Being a part of a search-and-rescue team can expose you to a host of situations that can challenge your mental wellbeing.
And while in the old days, it may have been common to simply "forget about it" and move on, things are drastically different today.
Since 2007, the BC Search and Rescue Association (BCSARA) has been growing its Critical Incident Stress Management Program (CISM). It aims to mitigate the negative effects that can stem from critical incidents, which BCSARA describes as powerful events that can create "significant, strong, emotional reactions" and overwhelm an individual's ability to cope.
Brad Sills, manager of Whistler Search and Rescue (WSAR), sees tremendous value in the program, which the team has embraced over the last several years.
"If you can deal with the stress of some of the things we see immediately and, in your brain, seek to understand them for what they are, then I think (that) preserves your mental health down the road," he explained.
For critical incidents—such as body recoveries—WSAR embraces "diffusions" or debriefs, one of a number of interventions offered through the program.
The sessions are run by trained search-and-rescue members, or individuals with related agencies that have received CISM training.
"We've adopted it into the culture now," said Sills.
WSAR currently has two team members who are trained to administer diffusions.
(If they are on a call, someone from an outside agency, such as the RCMP, is called in.)
Sills sees value in having team members carry out the sessions.
"These are fellow members that know each other really well," he said. "We all work together. It's much easier to phone somebody and say, 'Hey that call today was really disturbing, I think we should talk about it.'"
Search-and-rescue volunteers can feel a misplaced sense of guilt when rescues are not successful, said Sills. "I think it's human nature to find a certain amount of guilt associated with some of the things you see, even though there shouldn't be any," he said. "It's unfortunate that we can't save everybody."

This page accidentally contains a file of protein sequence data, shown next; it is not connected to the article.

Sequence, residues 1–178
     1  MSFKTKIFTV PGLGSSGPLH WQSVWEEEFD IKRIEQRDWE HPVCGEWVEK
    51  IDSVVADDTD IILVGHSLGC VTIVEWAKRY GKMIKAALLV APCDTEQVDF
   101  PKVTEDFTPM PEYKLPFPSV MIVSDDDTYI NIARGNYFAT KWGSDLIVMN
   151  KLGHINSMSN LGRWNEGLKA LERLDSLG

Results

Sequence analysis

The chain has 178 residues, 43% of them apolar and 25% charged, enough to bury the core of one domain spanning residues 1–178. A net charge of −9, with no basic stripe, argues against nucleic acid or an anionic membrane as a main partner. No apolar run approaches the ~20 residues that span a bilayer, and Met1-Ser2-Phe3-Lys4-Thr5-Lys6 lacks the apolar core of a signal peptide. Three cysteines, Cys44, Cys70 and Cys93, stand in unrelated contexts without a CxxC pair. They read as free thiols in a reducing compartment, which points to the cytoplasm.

Tony DelBosco—whose day-job is with Whistler Fire Rescue Service—said there is strong support for the program amongst WSAR members, something he attributes to a larger cultural shift in North America.
"I would say there is good buy-in, because (mental health) is getting a lot more attention within the workplace and the media in general, and I think we are seeing the positive effects of that," he said.
DelBosco added that he feels his role as a current search-and-rescue volunteer is an asset during the diffusions, which last between one and two hours.
"You haven't been there on the actual incident, but through the years you've experienced situations that are similar," he explained. "They are not speaking with someone who really has no idea what they are partaking in ... we definitely have a good idea, on a day-to-day basis, of what goes on in the (Whistler) valley."
Anne Kennedy—who received her CISM training through Whistler Blackcomb ski patrol—said the goal of the diffusions is to get people talking and identify people who may need further support.
"It basically gets the group together to talk about the event," she said. "It's confidential, and there are no notes taken ... The whole goal is to get people talking as the first stage of healing after a stressful event."
The days when you would just "finish up the call and go home" are over, said Sills, adding that the province has been a strong supporter of the program over the years.
Like technical debriefs—where teams get together and discuss the logistics of individual rescues and ways to improve—diffusions are now considered a requisite part of the most-serious calls that WSAR responds to, explained Sills.
"You have to do it; the same way you have to put away your gear at the end of the call," he said. "We have to clean things—and we have to make our minds clean again."